Northern Army of Avengers. GENERAL JAMES NAPPER TANDY TO HIS COUNTRYMEN. What do I hear? The British Government have dared to speak of concessions. Would you accept of them? Can you think of entering into a treaty with a British minister-a minister, too, who has left you at the mercy of an English soldiery, who laid your cities waste, and massaered inhumanly their best citizens; a minister, the bane of society and the scourge of mankind? Behold! Irishmen, behold in his hand the olive of peace! Beware! his other hand is concealed, armed with a poignard.
No, Irishmen, no! you shall not be the dupes of his base intrigues. Unable to subdue your courage, he attempts to seduce you; let his efforts be in vain. Horrid crimes have been perpetrated in your country: your friends have fallen a sacrifice to their devotion to your cause their shadows are around you, and call aloud for vengeance; it is your duty to avenge their death-it is your duty to strike from their blood-cemented thrones the murderers of your friends. Listen to no proposals, Irishmen! Wage a war of extermination against your oppressors, the war of liberty against tyranny, and liberty shall triumph.
J. N. TANDY.
in the strongest degree indicative of their principles. They were becalmed off the Orkneys, or, at least, were standing under easy sail: there were a few Dutch fishermen, and, as they came up with them, they regularly boarded them, and carried off their fish and every thing these poor creatures had. They dressed themselves in English uniforms (many of them speaking English), and thus, in disguise, robbed their friends and allies, and laid the blame on those who were innocent of it. I observed to some of the Irishmen on board, "If they used their friends so, what might their enemies expect? With one hand they gave the fraternal embrace, and robbed with the other."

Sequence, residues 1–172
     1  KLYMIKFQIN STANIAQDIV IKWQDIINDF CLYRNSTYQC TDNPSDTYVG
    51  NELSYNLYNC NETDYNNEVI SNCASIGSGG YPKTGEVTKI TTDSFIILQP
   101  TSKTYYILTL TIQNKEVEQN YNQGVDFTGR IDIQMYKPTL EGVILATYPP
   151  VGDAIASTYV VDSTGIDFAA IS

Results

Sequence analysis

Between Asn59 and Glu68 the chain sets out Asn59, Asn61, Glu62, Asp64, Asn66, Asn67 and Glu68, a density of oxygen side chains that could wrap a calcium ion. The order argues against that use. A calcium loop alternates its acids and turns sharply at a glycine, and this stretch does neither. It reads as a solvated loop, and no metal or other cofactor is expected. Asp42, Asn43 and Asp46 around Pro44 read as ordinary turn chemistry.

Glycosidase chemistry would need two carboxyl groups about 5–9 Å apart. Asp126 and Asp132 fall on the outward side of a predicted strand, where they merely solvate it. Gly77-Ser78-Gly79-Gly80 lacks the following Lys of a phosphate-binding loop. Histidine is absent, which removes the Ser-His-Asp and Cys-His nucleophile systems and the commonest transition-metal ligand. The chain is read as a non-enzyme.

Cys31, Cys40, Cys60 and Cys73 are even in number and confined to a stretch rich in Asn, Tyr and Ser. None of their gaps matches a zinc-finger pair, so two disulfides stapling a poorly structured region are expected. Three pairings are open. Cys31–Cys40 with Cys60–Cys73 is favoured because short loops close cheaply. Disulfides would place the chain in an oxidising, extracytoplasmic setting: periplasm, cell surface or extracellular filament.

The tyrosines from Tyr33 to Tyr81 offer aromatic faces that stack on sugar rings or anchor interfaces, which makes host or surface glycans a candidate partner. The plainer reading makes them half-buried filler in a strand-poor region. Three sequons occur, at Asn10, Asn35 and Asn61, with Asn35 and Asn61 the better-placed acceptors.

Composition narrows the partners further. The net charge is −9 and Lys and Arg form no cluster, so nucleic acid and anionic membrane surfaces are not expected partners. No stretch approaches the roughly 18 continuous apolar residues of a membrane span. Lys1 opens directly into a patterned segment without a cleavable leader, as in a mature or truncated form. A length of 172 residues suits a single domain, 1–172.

The following more general and comprehensive secret information relative to the plans of the Irish insurgents, and to the objects of the French invasion, was obtained from the same sources :
While Buonaparte's expedition was going forward on the one hand, another scheme was carried on on the other, viz., an attack on England, made through Ireland by the Straits of Portpatrick and Drogheda. The Irishmen in Paris were formed into two parties; one attached itself to Napper Tandy, and the other to General Smith, viz., Theobald Wolfe Tone. The cause of sending so small an expedition from Rochefort was twofold; first, the Irish at Paris were afraid of the French; calculating, from their conduct in Holland and Switzerland, they thought they would be obliged to get rid of their new allies by force, which might cost them some trouble; another reason was, the Irish were so confident of their own strength, that they thought a few troops would do, and, on the part of the French, it was a sort of an essay whether they could land troops in Ireland through the English fleet; the English fleet being so much on their guard since General Hoche's expedition. The latter opinion gains additional credit from the sending of a large expedition immediately after it.
If Ireland should be attacked again, it was to be with from 20,000 to 30,000 men, but which, from the late havoc among their shipping and seamen, is next to an impossibility. The grand object of the French is, as they term it themselves, London. Delenda Carthago is their particular end; once in England, they think they would speedily indemnify themselves for all their expenses, and recruit their ruined finances. The navy of England, crossing them in all their monstrous views, is peculiarly obnoxious to them. One of their most particular reasons for attacking Ireland, with a view to sever it from England, is to strike a mortal blow at the navy of Great Britain, by cutting off, as they say, England's right arm-the seamen and provisions for the navy.
The British navy, in case they should be able to carry their horrid schemes into practice, is to be partly burnt and partly carried into the ports of France, thus clipping, as they say, for ever, the wings of the English Algerines. In case of the failure of the expeditions to Ireland and to the East Indies, and in case of a peace with the continental powers, an attack will be made on England. The French Directory will sacrifice 100,000 men in the attempt, and they are to live at free quarters, as Buonaparte did in Italy, with this difference, that very little restraint will be laid on the soldiery, either as to pillage or morality. The means for landing these men are the various kinds of shipping and small craft in the different ports of France and Holland, from the Texel to Havre de Grace and the time will be the long and stormy nights in the winter season.